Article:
The Indian Act maintains conflicting and parallel objectives: the protection of Indians and their lands on the one hand, and the control, assimilation, and civilization of Indian peoples on the other. At the same time, by actively asserting itself as a protector or manager of Indian interests, the Crown has created trust and fiduciary responsibilities which it owes to the Indian nations and their citizens.

Today, we are still bound by the Indian Act in matters of Band politics and social status.

Timber Trade

If the Fur Trade had been our region’s economic mainstay throughout the 1600s and 1700s, by the late 1830s there was no doubt that Timber Trade was now king. The Canadian forest industry moved into our Lake Temiskaming region. The first timber shanties were established on Lake Temiscaming by the McConnell brothers from Hull. Giant pines were cut in the winter and floated in spring log drives down to Quebec where they were shipped to Britain. By the 1860s the importance of the sawed lumber trade had become equally important.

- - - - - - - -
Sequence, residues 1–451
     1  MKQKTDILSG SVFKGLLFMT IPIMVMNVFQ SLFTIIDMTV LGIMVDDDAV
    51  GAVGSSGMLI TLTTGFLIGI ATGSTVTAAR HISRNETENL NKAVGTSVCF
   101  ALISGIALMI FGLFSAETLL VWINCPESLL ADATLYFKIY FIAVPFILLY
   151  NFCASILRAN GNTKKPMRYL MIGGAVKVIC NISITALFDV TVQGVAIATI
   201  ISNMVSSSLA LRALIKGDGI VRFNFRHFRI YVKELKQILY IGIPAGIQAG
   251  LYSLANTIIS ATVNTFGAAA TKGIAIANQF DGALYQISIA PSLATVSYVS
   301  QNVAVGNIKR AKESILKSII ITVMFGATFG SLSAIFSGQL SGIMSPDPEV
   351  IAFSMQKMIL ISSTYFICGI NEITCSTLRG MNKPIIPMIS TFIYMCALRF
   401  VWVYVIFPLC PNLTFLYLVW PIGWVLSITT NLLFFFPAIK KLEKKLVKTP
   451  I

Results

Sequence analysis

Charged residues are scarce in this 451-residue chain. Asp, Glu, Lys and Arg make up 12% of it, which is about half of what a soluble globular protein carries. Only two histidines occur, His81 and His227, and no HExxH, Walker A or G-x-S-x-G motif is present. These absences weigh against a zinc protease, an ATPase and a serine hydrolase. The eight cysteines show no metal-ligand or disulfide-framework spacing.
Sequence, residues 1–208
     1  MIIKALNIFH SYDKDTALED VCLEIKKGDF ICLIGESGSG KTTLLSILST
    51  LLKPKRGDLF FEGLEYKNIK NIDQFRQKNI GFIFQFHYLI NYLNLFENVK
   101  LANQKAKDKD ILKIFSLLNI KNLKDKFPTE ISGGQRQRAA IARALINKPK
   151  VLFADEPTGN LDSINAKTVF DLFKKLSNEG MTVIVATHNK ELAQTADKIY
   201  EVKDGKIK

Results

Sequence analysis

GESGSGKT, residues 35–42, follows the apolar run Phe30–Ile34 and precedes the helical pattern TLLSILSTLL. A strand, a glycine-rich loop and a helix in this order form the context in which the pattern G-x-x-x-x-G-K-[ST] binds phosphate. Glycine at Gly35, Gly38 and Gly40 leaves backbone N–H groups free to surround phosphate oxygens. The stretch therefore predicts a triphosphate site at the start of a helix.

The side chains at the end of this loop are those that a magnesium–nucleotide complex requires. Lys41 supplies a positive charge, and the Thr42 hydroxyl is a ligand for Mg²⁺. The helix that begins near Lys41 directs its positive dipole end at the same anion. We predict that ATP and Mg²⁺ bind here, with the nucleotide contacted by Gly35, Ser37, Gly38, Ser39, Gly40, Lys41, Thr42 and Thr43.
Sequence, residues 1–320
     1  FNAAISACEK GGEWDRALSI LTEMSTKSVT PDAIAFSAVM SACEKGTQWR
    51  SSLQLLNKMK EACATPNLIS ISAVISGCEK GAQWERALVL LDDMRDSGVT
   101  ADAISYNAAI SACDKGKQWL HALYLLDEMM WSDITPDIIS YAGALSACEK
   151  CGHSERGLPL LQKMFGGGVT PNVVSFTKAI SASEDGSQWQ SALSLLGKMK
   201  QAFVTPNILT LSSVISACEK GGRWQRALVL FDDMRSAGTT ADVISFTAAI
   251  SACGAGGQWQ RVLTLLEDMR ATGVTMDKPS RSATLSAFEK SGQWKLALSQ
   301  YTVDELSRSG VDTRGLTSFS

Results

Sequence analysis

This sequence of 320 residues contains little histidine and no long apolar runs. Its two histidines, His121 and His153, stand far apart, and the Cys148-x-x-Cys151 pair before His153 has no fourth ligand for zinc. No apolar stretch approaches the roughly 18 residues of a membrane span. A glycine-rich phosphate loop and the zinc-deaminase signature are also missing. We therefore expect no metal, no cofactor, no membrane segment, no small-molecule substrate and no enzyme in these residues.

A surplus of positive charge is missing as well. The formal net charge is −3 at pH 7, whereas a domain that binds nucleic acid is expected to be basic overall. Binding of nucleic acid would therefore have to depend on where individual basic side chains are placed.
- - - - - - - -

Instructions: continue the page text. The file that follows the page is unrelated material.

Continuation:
As areas down river were logged to the point of deforestation, prominent lumbermen like J.R. Booth and E.B. Eddy increasingly turned their attention to the upper Ottawa. As of 1885, there were over forty shanties employing over 2000 men in operation between the Long Sault rapids, Kipawa and Lac des Quinze. By 1900, these shanties employed 5000 men.

Locally, the largest sawmill was run by Alex Lumsden. Erected in 1888 near the head of the Long Sault, Lumsden was part of a company formed in 1883 that had embarked on a project to regulate water flows to facilitate log drives to Lake Temiskaming. Parts of Lake Kipawa were dammed, and four small lakes were joined together to create an artificial stream called Gordon Creek. The log houses of the river drivers and sawmill workers formed the nucleus of the present day town Temiscaming.